Reflecting on praying for rain the thought came to me:  Does “give us this day our daily bread” imply a prayer for rain?  Praying the prayer Jesus gave his disciples gives us a start with our prayer for rain.  Perhaps praying for rain is part of our regularly reporting to God what we feel our needs are, not telling God what he should do.  Maybe I can pray about rain without feeling embarrassed!

 

Moses’ farewell “song” is an excellent blessing:

May God’s teaching fall on you like rain and his words descend like dew, like showers on new grass, like abundant rain on tender plants.  [paraphrase of Deut. 32:2]

 

 

Advent:  Learning about the other side of Christmas?

Our congregation is beginning the Advent season worship observances. Do these make our Christmas different from that of the rest of the world, Christian and otherwise?  The bright side of Advent has always been well represented.  There will be candles, bright lights, “Joy to the World” and angels, all as they should be.  Most of these we see and hear when we venture outside our church or home where the world is bright with lights, filled with inflated animals, birds and machines; busy with shoppers and noisy advertisements.  How might we use Advent to make our Christmas focus different from what we see and hear at the Mall?

Mary’s Role

Perhaps to get away from the negative attitudes of neighbors who wondered why she was pregnant before marriage, Mary left Nazareth.  She traveled nearly ninety miles, perhaps by herself, probably on foot to visit her cousin, Elizabeth, to exchange news of their pregnancies.  (Mary would have been six or more months pregnant by the time she returned.)  When Mary arrived, Elizabeth, inspired by the Holy Spirit, praised God for blessing Mary as the mother of the Son of God.  Mary responded by praising God for his promise to bring salvation, to bring down the rich and powerful and to feed the hungry.   Not long after that, Mary and Joseph experienced the effect of the oppressive government.  To fund their oppression of the people of Judah, the Romans were collecting a tax that required Joseph and Mary to go to Joseph’s hometown.   They traveled ninety miles (probably more) from Nazareth east to the Jordan down the Jordan valley to Jericho, then up into the hills to Bethlehem.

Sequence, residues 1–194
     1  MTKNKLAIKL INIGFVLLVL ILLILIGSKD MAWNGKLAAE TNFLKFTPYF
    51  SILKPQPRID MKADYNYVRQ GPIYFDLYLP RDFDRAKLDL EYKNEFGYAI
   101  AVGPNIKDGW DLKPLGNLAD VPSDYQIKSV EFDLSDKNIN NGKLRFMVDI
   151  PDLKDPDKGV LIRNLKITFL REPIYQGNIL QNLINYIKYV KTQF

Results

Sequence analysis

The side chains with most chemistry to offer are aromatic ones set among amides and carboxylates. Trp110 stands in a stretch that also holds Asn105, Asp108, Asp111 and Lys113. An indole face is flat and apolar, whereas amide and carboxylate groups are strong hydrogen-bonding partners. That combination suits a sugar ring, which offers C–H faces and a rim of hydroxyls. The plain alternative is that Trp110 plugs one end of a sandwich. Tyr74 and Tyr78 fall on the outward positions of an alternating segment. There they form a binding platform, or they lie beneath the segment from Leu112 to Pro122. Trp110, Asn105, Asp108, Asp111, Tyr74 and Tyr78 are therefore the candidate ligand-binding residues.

Jesus birth

Did nearly nine-months-pregnant Mary repeat her prophecy of the downfall of the rich and powerful of her time to Joseph as she and Joseph traveled to Bethlehem?  Because many people had arrived in Bethlehem for the taxing, the couple could only find shelter in an animal pen.  They may have found the warmth of animals for their comfort there or the animals may have been out in the field because it was warm at the time. Due to the Roman occupying army, Mary had none of the comforts of home, presence of family and friends and may or may not have found a midwife.  After the Jesus birth, Mary may have placed Jesus in a feed trough of stone.

The lights, bells and cheery greetings of the season as we celebrate it do not remind us of the words of Simon reported by Luke.  Simon’s words to Mary “This child is destined to cause the falling and rising of many in Israel, and to be a sign that will be spoken against, so that the thoughts of many hearts will be revealed. And a sword will pierce your own soul too.” (Luke 2:34-35).

Herod’s role